One Health frameworks that integrate human, animal and environmental health are critical to prevent future viral emergence, yet they often ignore the complexity of wildlife ecology.
Several emerging infectious diseases have bats as the principal wild reservoir or ancestral host. Dr Alison Peel will explore the dynamics of viral spillovers from bats, focusing on Hendra virus in Australian flying foxes as a model system.
She will also discuss how long-term data collection, interdisciplinary collaborations and predictive modelling have enabled identification of predictable drivers of spillover, revealing potential sustainable solutions.
At the end of the talk, there will be a Q&A followed by a cocktail reception.
Dr. Alison Peel is a veterinarian and wildlife disease ecologist whose research focuses on how human environmental impacts, ecological change and climate cycles contribute to the emergence and ongoing spillover of viruses from bats.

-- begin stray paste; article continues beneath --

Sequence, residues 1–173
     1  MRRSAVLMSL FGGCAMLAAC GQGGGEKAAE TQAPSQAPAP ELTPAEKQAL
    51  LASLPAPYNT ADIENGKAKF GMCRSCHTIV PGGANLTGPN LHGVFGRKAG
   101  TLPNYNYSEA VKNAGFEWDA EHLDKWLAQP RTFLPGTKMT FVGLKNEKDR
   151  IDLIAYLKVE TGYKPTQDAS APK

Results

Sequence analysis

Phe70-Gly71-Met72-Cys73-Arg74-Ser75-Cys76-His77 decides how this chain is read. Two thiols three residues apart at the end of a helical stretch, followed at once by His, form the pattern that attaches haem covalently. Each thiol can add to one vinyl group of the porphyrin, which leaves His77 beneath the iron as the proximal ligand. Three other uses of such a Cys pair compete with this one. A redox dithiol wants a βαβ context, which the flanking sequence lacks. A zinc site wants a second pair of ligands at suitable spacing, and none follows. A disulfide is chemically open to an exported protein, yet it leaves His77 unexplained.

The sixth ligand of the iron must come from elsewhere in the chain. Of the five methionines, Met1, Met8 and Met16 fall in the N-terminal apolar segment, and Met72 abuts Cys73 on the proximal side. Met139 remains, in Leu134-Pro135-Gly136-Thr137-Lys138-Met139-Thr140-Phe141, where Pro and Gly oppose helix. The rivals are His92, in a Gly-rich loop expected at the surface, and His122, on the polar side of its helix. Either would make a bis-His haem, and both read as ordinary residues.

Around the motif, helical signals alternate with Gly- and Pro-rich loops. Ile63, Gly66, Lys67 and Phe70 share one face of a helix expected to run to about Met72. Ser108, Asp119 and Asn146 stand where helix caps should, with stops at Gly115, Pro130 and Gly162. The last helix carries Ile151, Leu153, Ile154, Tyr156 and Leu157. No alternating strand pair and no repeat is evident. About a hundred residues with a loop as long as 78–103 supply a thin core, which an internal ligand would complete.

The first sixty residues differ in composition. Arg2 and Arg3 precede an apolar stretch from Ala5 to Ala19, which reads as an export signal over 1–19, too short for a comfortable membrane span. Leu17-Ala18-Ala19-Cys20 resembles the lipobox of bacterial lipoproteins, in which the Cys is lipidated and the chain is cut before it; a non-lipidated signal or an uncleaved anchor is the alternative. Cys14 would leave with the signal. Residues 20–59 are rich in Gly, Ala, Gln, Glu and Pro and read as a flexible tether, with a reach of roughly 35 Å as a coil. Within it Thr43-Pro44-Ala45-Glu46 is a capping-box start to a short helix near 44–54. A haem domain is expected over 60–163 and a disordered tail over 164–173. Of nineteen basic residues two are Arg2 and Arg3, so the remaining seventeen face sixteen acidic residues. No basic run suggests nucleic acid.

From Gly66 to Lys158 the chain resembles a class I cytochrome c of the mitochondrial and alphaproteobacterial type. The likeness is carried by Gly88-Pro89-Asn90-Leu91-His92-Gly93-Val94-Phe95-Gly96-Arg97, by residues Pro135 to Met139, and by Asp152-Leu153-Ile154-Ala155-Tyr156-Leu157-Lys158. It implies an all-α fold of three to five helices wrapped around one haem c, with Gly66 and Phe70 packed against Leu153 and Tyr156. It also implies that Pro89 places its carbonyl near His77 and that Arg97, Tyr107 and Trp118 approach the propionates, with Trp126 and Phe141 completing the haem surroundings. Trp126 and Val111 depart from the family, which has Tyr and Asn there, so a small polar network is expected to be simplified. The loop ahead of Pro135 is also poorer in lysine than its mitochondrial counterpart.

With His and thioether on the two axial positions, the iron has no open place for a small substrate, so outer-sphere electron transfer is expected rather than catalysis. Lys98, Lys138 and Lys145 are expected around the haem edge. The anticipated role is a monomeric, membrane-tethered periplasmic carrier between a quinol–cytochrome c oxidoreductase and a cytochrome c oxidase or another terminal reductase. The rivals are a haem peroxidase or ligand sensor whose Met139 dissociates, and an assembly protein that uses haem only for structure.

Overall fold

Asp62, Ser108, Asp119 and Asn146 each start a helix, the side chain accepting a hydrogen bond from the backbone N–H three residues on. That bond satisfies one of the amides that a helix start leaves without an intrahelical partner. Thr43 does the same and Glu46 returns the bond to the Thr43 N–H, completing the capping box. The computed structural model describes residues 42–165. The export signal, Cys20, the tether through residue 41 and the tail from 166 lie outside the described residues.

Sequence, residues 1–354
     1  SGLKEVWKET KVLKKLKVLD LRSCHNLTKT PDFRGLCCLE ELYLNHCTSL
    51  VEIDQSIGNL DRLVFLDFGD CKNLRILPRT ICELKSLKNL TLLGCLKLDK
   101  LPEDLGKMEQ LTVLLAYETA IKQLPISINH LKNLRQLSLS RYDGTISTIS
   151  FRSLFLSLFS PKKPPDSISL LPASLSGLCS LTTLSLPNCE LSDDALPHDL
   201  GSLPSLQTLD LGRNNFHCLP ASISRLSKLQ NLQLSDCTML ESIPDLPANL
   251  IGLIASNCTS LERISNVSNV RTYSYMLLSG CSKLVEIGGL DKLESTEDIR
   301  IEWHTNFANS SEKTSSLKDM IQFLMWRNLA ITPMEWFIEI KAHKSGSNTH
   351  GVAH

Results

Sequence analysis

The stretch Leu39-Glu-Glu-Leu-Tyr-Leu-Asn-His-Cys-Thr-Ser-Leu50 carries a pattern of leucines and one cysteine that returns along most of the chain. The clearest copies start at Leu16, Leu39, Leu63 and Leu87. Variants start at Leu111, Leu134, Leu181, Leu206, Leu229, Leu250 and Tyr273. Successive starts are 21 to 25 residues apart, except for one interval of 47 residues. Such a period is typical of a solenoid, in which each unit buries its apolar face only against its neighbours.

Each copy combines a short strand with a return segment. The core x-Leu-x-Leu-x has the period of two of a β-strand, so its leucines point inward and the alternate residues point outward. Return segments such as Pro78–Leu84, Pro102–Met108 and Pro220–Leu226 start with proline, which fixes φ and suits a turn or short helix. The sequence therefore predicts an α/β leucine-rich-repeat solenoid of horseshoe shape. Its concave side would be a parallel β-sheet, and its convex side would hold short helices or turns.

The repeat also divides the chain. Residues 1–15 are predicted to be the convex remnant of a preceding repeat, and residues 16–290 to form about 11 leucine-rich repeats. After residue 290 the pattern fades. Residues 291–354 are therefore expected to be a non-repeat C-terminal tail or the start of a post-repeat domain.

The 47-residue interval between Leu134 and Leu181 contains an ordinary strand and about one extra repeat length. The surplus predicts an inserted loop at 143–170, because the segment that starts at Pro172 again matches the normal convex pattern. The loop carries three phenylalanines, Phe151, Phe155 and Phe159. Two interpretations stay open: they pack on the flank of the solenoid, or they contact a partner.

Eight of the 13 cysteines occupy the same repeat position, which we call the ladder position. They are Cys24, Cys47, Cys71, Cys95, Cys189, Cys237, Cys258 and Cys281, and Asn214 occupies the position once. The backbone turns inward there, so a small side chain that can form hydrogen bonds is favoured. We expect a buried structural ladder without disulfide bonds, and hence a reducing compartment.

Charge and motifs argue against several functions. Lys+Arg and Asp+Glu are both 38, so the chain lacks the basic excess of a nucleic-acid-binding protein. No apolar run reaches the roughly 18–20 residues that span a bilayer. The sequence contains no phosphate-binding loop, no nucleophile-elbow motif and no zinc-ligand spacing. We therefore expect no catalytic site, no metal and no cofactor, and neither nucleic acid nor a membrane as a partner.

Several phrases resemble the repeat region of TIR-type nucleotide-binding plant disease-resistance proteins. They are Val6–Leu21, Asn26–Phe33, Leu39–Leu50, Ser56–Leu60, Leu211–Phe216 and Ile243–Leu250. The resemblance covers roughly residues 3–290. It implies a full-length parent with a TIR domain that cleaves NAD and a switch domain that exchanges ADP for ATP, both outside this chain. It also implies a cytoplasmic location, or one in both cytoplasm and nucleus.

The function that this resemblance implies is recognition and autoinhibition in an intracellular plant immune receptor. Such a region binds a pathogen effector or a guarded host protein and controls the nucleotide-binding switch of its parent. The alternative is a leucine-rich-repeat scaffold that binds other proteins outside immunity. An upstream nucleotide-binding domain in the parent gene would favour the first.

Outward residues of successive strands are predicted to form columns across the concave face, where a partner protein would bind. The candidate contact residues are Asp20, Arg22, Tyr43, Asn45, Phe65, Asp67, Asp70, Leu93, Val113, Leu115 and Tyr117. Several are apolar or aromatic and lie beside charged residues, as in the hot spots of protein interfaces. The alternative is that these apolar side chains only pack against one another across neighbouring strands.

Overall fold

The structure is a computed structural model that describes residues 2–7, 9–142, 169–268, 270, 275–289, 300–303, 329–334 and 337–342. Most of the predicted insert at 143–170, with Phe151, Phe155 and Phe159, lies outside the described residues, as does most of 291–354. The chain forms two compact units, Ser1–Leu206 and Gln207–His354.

After undertaking her PhD at the University of Cambridge on viruses in African fruit bats, her research now focuses on Hendra virus and the broader viral community in Australian flying foxes. Leveraging broad multidisciplinary expertise, she collaborates within One Health networks to explain the root causes of spillover and identify sustainable solutions.
Dr Peel will be joining the University of Sydney as a Horizon Fellow in June 2024.
This memorial lecture commemorates the work of Ian Beveridge, whose pioneering work in the area of 'one medicine' foresaw an entirely new kind of interdisciplinary research.
Emeritus Professor William Ian Beveridge was an alumnus of the University of Sydney, graduating in 1931. He began his research career at McMaster Laboratory, CSIR, shortly afterwards supervised by Professor R H Carne.
Remarkably, within a few years he had found the bacterium responsible for footrot of sheep and set the principles for its control and eradication. He was later awarded a DVSc for this research.
During World War II he worked on influenza and other diseases at the Walter and Eliza Hall Institute in Melbourne. In 1947 he became Professor of Animal Pathology at Cambridge and there and later in the WHO, developed and promoted the concept of 'comparative (one) medicine'.
In 1972 Professor Beveridge published a book, Frontiers in Comparative Medicine, outlining his views in this area of 'one medicine'.